Between the patch at the stage

Kim Wilde was a popstar in the Eighties. Then she had children and devoted herself to a big garden. A talk about animals in her wood, the healing power of gardening and failed purchases.

Miss Wilde, what do you like about gardening?
I got bored with the music industry some time ago. My career went down and there were no more challenges. I’d seen the world, worked hard and had had a lot of success. I also knew what a lack of success meant. Happily I got to know my husband. I firmly believe that when you close one door, another door opens.

The other door was gardening?
Yes, suddenly I had a lot of time on my hands and a big garden. What should I do with it? And so I studied horticulture. It was a long way away from the character Kim Wilde, from lipstick and make-up. Wonderful. I thought I’d never return to the stage and would be devoted to my children from then on. Now I am happy that it turned out differently.

Don’t children and a career in pop music go together?
I believe in fate. I always knew I wanted to make music. Also later when I had children. It’s not always ideal, when you’re away from your children. They don’t like it. My mum was always at home, but I had the feeling that she gave up on something, which she didn’t want to. Children do accept it when parents follow their own path.

There aren’t many older women in pop.
I don’t know why. I can’t speak for others. I had a long pause when I got married and had children. I found other things that inspired me too. I was over 40 and was suddenly able to learn something new. I was very average in school and didn’t feel confident that I could do anything different. Singing was the only thing I knew I could do. I felt really dumb aside from that. It was fantastic, being able to study.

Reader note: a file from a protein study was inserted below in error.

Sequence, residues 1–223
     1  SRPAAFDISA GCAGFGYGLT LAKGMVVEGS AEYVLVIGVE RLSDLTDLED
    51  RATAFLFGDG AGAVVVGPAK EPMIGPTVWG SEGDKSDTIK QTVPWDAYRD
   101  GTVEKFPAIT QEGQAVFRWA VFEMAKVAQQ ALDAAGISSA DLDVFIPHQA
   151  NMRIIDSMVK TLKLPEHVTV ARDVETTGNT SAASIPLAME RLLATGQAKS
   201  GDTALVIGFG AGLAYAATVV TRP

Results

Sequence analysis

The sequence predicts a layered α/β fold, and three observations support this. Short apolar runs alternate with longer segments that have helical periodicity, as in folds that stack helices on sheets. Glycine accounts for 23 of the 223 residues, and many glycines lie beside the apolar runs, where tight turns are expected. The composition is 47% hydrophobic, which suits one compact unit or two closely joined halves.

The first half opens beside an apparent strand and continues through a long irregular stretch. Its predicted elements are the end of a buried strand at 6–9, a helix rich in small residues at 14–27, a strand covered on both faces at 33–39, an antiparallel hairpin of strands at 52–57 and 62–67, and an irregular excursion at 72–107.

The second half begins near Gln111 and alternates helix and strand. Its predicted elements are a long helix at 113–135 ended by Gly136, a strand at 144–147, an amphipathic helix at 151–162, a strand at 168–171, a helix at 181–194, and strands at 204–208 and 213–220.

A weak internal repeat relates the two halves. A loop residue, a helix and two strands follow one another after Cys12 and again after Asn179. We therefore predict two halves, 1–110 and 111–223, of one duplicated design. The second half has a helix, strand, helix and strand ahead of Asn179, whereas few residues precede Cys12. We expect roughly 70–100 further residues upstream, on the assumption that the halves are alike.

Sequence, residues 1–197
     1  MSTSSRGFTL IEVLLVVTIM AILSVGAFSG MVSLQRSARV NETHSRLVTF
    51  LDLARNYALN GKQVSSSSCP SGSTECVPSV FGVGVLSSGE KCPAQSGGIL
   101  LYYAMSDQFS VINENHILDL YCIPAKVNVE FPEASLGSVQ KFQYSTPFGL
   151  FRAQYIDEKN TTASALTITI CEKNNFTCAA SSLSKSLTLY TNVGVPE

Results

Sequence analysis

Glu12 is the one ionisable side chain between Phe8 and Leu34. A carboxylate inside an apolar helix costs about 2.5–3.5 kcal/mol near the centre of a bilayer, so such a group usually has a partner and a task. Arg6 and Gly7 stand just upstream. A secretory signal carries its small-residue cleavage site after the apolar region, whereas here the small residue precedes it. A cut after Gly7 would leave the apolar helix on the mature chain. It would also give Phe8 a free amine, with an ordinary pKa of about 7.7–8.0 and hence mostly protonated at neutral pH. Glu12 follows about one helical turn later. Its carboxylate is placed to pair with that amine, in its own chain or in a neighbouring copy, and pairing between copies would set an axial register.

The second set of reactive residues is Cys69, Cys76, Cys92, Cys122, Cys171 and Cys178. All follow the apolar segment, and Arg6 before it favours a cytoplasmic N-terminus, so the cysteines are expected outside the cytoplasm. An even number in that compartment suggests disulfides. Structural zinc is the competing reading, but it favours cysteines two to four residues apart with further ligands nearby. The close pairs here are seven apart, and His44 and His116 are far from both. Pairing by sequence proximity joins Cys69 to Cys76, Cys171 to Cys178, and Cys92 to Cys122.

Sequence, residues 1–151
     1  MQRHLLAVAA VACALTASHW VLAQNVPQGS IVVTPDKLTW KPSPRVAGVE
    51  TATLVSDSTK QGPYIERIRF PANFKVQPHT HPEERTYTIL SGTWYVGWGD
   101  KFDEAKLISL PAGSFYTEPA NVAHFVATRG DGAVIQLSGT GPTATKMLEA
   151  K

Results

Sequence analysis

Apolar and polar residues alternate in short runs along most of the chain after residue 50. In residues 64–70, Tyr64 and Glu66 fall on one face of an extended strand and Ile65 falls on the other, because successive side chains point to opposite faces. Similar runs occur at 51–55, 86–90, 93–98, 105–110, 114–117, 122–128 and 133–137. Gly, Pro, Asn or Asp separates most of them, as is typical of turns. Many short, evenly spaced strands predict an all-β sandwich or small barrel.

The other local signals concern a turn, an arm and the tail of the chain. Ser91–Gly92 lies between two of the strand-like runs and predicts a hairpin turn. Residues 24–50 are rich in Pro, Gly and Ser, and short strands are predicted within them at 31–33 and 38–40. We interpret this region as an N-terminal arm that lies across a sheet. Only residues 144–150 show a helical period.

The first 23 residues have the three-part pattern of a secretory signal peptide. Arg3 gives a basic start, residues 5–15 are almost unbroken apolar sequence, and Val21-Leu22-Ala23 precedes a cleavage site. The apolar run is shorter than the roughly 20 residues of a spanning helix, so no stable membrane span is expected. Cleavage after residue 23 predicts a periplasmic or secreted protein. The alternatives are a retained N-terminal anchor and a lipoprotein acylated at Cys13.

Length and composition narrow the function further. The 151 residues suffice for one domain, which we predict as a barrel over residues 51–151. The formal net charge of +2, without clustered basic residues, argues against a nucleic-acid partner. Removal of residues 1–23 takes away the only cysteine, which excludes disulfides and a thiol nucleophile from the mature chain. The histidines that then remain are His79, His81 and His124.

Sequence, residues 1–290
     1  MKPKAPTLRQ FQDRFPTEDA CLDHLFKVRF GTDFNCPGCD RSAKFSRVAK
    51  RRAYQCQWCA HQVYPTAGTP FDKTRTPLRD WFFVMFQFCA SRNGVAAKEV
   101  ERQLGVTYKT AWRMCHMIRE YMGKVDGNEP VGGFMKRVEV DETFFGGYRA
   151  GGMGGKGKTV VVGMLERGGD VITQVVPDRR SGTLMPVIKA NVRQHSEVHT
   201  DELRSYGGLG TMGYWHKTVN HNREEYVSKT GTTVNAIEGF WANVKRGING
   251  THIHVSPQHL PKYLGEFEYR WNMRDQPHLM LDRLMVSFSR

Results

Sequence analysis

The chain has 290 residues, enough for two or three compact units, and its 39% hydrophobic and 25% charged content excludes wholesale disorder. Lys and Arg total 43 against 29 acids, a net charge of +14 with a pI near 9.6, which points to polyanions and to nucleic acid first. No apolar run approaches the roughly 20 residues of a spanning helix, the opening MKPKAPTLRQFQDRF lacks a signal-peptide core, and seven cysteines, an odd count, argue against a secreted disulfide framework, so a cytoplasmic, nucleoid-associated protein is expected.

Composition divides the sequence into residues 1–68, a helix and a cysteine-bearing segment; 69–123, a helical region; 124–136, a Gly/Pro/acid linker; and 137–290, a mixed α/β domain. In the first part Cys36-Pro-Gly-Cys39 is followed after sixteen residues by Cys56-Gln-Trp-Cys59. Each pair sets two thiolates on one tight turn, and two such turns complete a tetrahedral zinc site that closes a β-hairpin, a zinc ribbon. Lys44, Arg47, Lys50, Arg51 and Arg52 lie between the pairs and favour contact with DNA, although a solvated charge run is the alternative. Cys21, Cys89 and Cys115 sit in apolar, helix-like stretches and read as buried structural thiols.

You were successful in gardening, won a gold medal at the prestigious Chelsea Flower Show, wrote books about gardening. What kind of a garden do you have?
It often looks great, sometimes it doesn’t. It’s full of plants that I love. At the moment it hurts me a little. When the tour is over, I will take care of the garden more. The plants are always there, the tubers are drifting so slowly. The beauty, all the colours will come soon again. After all these years the garden has grown up with us. We have had it since the children were born. Now they are 18 and 20 years old. Even my husband is now interested in horticulture. In our community he takes care of a project that uses plants as a therapy for mental illness. Being out there is very healing. There’s nothing better than being outside, being in the garden, cleaning up, planting things. The great thing is, it can be done everywhere. There’s space where you can plant.

Your garden is very large. It has become a wood.
We have turn a big plot into a wood. There’s lots of animals out there: many birds, small mammals, deer, owls, woodpeckers – it’s full of life. We have given thousands of animals a home. That’s great isn’t it?

You have also planted vegetables and fruit.
When the children grew up, we did that. It was hard labour, to take care of the children, the garden, and the vegetables all at the same time. Planting vegetables is difficult anyway. You have to scare away animals because they want to eat it all. We might try again someday.

Right now your garden is decoration.
It’s very important to me, that the plants are on the right place. It’s all about aesthetics, it has to be balanced and well composed. I have a plan, what should be planted where. Even when it doesn’t look like that at first sight.

What is the biggest mistake you made in the garden?
There are a few. I planted santolina along an avenue. It looked good for a few weeks, but then it didn’t. It was a very expensive experience. Very stupid.